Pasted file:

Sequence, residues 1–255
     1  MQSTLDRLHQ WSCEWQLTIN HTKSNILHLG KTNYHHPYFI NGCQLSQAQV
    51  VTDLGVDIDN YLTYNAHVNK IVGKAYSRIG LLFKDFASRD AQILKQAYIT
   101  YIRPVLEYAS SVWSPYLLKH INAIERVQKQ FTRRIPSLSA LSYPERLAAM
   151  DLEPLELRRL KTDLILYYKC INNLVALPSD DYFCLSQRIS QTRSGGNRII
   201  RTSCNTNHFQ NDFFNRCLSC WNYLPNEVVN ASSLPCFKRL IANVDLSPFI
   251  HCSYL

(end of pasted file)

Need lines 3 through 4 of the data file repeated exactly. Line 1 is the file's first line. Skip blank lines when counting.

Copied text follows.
    51  VTDLGVDIDN YLTYNAHVNK IVGKAYSRIG LLFKDFASRD AQILKQAYIT
   101  YIRPVLEYAS SVWSPYLLKH INAIERVQKQ FTRRIPSLSA LSYPERLAAM